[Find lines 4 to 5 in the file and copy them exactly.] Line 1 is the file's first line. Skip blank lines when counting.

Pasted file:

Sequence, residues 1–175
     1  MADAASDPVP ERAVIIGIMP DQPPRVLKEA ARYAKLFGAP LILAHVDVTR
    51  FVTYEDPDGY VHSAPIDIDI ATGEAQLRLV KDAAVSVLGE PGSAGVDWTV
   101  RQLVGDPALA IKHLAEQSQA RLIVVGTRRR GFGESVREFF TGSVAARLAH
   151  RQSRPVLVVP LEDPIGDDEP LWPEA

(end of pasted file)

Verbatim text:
   101  RQLVGDPALA IKHLAEQSQA RLIVVGTRRR GFGESVREFF TGSVAARLAH
   151  RQSRPVLVVP LEDPIGDDEP LWPEA